Atlantic Immigration Pilot: Atlantic Canada includes the provinces of New Brunswick, Newfoundland and Labrador, Nova Scotia, and Prince Edward Island. Employers in Atlantic Canada hire foreign skilled workers who want to immigrate to Atlantic Canada and international graduates who want to stay in Atlantic Canada after they graduate through this program. A language test is required, as well as an Educational Credential Assessment. Fees range from $1,325 per application, $825 to add a spouse and $225 per child.
Start-Up Visa: This program targets innovative entrepreneurs who can create jobs for Canadians and compete on a global scale. A language test is required and to apply, your business must be supported by any of these three: venture capital funds, angel investor groups or business incubators. Fees range from $2,075 and higher.
Rural and Northern Immigration Pilot: This program is for skilled foreigners who want to work and live in one of the participating communities. Participants must meet IIRC requirements and have one year work experience that includes all the essential duties listed in your National Occupational Classification (NOC). Other requirements focus on language and education, and may be community-specific.
Refugees: Asylum-seekers must have a legitimate claim or they will be removed from Canada. Refugees may seek protection in Canada if they are fleeing torture, risk to their life, or risk of cruel and unusual treatment or punishment. Eligibility is determined by the Immigration and Refugee Board of Canada (IRB).
Quebec-Selected Skilled Workers: Skilled workers who want to become permanent residents of Canada and live in Quebec should consider this program, which has a two-stage application process. First, apply to the Government of Quebec for a Quebec Selection Certificate. If chosen, then apply to Immigration, Refugees and Citizenship Canada for permanent residence. Fees range from $1,325 and higher.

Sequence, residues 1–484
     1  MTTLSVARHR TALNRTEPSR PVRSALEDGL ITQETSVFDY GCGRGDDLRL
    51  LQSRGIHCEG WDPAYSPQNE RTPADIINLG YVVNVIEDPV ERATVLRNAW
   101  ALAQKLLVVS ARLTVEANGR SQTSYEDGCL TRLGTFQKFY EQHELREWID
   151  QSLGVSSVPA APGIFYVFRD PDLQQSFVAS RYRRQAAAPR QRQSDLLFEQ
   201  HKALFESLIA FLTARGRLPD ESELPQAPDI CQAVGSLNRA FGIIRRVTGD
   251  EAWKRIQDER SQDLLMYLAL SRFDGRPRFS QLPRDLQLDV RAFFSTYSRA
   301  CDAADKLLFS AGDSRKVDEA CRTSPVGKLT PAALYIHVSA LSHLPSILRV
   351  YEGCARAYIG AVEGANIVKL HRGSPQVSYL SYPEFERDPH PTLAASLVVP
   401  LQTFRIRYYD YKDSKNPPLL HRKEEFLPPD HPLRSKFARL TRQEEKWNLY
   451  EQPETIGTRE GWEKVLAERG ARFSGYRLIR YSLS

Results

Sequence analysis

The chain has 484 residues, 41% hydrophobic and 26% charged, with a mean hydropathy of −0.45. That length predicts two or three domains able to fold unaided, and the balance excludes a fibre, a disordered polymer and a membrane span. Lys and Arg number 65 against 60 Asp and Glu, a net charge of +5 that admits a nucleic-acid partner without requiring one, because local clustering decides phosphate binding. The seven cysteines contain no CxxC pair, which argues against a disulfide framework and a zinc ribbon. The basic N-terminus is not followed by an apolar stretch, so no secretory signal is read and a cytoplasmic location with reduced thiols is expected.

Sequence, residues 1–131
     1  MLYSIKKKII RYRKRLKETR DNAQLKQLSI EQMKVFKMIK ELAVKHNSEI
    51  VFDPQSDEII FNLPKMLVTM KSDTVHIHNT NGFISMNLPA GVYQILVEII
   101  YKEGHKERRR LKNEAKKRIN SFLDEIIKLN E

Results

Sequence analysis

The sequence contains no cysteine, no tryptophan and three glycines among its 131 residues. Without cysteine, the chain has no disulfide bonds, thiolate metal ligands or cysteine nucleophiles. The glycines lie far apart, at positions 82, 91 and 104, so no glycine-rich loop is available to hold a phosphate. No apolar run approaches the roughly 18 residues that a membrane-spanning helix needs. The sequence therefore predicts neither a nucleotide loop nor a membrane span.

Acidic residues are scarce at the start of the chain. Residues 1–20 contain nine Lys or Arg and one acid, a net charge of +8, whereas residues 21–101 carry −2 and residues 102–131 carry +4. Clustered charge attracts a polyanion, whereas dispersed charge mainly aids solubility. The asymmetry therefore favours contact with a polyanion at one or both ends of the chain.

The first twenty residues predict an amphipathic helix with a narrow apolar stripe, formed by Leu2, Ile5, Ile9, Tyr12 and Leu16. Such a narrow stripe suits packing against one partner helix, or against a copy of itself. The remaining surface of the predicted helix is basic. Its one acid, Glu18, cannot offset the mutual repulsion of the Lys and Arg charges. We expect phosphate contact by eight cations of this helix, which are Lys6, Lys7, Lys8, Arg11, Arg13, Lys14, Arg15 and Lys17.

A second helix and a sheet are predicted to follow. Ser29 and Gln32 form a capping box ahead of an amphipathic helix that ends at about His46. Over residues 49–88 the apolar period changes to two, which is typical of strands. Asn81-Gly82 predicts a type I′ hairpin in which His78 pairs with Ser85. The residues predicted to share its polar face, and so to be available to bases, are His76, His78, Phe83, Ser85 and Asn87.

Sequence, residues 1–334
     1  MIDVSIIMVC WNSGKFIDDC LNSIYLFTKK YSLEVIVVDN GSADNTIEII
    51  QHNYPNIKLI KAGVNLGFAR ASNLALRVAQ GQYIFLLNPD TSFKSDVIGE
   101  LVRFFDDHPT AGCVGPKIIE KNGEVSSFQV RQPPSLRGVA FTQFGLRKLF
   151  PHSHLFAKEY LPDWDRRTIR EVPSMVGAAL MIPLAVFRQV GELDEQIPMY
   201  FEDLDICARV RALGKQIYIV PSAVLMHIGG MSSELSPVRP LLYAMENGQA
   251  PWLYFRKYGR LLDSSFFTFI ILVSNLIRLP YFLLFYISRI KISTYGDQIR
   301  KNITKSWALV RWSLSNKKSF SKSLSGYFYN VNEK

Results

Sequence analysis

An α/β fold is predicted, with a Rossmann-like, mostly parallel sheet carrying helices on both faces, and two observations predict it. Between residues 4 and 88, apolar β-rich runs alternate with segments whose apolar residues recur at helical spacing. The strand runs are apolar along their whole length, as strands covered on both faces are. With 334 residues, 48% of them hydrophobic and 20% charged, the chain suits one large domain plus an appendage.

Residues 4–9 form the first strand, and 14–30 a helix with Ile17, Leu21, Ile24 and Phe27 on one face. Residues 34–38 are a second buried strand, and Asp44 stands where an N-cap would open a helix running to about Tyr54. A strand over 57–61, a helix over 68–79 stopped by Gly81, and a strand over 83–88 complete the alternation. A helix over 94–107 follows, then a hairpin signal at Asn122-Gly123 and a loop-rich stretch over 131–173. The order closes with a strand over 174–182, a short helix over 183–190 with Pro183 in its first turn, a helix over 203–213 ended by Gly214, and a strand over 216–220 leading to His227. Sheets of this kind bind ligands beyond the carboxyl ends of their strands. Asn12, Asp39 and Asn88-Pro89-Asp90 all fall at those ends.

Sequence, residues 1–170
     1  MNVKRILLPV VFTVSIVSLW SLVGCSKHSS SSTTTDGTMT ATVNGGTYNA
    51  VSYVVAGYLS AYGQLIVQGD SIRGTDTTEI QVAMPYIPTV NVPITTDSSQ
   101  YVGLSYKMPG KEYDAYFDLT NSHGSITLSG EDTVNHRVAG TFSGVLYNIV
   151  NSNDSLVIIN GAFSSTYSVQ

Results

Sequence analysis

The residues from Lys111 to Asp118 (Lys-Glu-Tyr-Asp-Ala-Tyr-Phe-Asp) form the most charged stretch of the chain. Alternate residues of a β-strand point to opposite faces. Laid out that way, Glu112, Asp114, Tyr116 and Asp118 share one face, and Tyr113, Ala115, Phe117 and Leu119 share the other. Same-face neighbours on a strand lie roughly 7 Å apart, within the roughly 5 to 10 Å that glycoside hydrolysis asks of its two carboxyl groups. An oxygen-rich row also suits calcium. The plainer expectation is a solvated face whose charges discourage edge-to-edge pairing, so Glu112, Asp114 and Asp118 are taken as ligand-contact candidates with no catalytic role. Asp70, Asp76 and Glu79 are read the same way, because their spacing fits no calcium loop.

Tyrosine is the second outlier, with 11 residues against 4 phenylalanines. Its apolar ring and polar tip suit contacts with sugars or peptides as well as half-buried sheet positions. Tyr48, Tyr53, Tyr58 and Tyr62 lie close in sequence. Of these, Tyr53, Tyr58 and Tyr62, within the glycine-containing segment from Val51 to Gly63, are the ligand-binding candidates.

Self-Employed: This program allows the self-employed to immigrate to Canada permanently. Applicants must have relevant experience in cultural activities or athletics and be willing to make a significant contribution to the cultural or athletic life of Canada. Applicants are assessed on experience, education, age, language and adaptability. A medical exam and police certificate are required. Fees range from $2,075 and higher.
Agri-Food Pilot: This program helps address the labor needs of the Canadian agri-food sector. This program provides a pathway to permanent residency. Requirements include eligible Canadian work experience in an eligible occupation, a full-time job offer, language and educational requirements and the ability to maintain temporary residency status. A temporary residency permit costs $200, a work permit $155, among other fees.
Good Preparation Equals Immigration Success
Whether you’re a caregiver hoping to work as a nanny in Quebec or a lawyer hoping to practice elder law in Ontario, the success of your Canadian immigration journey hinges on planning and preparation.
Compile your documents carefully and have a clear understanding of your program’s specific requirements so you can successfully navigate your trek across the Canadian border to a new life.
One of the best ways to be sure you are prepared is to speak to an immigration consultant about your specific situation, qualifications, and goals when you immigrate. By working with a Canadian immigration expert, you greatly increase your chances of success.